One-hundred and forty-six workers, mostly young women immigrants, perished when flames engulfed the Triangle Shirtwaist factory in New York’s Greenwich Village in 1911. The factory, on the seventh, eighth, and ninth floors of the Asch building, was overcrowded with workers and their materials. Only one exit door was unlocked; fire apparatus reached only to the sixth floor. David Von Drehle blends scholarly research and a narrative style, enabling him to report the social and political milieu of the fire and the trial that follows with journalistic immediacy in Triangle: The Fire that Changed America.
Von Drehle also brings the victims to life. He assimilates enough detail about several to change them from the corpses he describes in the book’s tabloid-like opening to real people. They come from the immigrant tides arriving at Ellis Island and are among the poorest inhabitants of New York. They work long hours in brutal conditions and dream of better lives ahead. Some are involved in the workers’ movement that strikes over and over again for improvements in working conditions. This book gives the fire’s victims the historical place they have earned.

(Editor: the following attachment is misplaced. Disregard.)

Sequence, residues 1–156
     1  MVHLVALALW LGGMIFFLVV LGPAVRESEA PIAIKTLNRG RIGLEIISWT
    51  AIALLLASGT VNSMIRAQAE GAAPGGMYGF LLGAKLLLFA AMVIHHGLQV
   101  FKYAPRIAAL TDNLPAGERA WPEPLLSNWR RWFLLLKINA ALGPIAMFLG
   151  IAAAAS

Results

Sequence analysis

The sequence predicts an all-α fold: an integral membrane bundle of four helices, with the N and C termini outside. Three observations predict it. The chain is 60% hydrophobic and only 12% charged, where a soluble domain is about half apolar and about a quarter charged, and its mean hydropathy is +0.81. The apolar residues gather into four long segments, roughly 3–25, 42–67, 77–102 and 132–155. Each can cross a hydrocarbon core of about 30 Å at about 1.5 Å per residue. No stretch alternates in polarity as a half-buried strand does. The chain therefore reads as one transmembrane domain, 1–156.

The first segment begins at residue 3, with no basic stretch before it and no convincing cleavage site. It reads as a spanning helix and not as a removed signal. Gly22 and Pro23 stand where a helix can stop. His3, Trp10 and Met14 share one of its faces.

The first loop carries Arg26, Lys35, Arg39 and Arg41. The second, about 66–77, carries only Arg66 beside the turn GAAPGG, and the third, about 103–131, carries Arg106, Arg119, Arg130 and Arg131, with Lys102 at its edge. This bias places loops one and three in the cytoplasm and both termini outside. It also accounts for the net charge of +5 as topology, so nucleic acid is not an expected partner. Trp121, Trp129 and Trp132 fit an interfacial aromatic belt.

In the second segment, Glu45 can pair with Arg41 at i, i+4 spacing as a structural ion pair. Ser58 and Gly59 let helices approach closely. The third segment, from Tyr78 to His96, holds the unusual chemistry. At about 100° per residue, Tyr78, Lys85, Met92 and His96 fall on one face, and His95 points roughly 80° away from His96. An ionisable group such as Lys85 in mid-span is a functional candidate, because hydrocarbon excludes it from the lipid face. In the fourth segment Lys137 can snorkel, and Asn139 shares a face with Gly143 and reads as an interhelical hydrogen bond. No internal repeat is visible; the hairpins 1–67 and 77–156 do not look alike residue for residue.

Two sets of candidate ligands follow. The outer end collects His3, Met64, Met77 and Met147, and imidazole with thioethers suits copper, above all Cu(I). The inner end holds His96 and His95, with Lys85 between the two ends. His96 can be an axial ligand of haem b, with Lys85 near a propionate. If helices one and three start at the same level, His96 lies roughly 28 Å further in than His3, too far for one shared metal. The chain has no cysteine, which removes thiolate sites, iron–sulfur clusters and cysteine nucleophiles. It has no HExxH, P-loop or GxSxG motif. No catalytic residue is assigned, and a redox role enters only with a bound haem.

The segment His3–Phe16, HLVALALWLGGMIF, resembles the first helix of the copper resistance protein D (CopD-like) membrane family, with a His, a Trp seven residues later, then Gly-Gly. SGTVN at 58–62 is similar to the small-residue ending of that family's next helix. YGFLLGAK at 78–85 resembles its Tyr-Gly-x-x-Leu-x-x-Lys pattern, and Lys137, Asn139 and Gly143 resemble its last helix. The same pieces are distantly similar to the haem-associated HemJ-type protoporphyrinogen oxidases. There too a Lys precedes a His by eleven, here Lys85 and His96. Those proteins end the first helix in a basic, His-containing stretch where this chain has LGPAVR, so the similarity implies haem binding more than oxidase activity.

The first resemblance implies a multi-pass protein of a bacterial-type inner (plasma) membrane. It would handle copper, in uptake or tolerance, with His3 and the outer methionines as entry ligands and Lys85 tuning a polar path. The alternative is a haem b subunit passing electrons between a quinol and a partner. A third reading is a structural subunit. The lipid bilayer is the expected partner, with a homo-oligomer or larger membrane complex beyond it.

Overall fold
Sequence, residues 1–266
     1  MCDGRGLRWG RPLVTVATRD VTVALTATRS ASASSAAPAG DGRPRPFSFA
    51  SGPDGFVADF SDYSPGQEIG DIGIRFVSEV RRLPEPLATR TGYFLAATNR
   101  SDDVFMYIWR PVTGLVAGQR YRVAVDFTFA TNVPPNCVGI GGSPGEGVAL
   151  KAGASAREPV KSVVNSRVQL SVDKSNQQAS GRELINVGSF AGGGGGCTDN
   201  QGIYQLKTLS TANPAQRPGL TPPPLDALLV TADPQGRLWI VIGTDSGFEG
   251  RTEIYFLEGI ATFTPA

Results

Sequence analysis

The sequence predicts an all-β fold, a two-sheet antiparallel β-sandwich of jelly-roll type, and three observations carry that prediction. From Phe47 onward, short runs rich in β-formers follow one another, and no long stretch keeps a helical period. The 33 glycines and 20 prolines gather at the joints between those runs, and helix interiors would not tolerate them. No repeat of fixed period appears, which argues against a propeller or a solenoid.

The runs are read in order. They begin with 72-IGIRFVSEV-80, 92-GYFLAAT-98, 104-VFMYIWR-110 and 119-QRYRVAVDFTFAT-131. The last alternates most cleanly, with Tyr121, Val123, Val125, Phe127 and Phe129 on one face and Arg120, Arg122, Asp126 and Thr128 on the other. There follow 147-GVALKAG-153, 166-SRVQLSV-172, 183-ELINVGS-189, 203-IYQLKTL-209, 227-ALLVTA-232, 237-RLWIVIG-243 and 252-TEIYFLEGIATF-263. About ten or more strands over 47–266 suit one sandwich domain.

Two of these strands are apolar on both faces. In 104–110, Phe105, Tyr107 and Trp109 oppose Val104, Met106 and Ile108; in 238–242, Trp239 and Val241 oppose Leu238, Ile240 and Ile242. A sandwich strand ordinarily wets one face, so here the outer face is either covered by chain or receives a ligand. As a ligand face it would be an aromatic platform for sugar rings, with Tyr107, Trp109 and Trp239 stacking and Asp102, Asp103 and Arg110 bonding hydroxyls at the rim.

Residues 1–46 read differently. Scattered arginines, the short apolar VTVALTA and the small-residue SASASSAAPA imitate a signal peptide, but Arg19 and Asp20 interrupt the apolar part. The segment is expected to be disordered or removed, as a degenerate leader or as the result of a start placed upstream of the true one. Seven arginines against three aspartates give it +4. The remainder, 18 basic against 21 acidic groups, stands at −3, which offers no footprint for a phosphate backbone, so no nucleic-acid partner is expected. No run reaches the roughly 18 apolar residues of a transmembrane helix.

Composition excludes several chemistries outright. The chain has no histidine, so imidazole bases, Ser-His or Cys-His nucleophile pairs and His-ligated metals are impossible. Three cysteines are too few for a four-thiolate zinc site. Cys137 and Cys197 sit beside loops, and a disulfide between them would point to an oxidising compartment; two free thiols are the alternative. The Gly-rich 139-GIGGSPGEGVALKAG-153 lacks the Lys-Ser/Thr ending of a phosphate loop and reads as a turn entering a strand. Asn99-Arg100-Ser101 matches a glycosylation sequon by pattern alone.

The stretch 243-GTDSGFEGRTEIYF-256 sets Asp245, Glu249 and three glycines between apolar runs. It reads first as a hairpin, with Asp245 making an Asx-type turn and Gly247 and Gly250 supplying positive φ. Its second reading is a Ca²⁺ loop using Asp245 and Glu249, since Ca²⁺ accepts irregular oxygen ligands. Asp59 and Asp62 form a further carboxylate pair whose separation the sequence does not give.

They and the fire are strong forces behind the progressive reform of the American workplace. Von Drehle shows that, ironically, those who control New York politics in both the pre- fire era and resist reform, and the later reformers, come from the same immigrant population as the workers. The two most prominent are Robert Wagner and Alfred E. Smith.
Most significant is Von Drehle’s conclusion that women as strikers, strike leaders, and powerful reformers were a key element in changing America during this period.
America 189, no. 11 (October 13, 2003): 28-31.
Kirkus Reviews 71, no. 11 (June 1, 2003): 797.
Library Journal 128, no. 8 (May 1, 2003): 136.
The New Leader 86, no. 4 (July/August, 2003): 20-21.
The New York Times, August 31, 2003, p. 8.
The New York Times Book Review, September 7, 2003, p. 16.
Publishers Weekly 250, no. 20 (May 19, 2003): 59.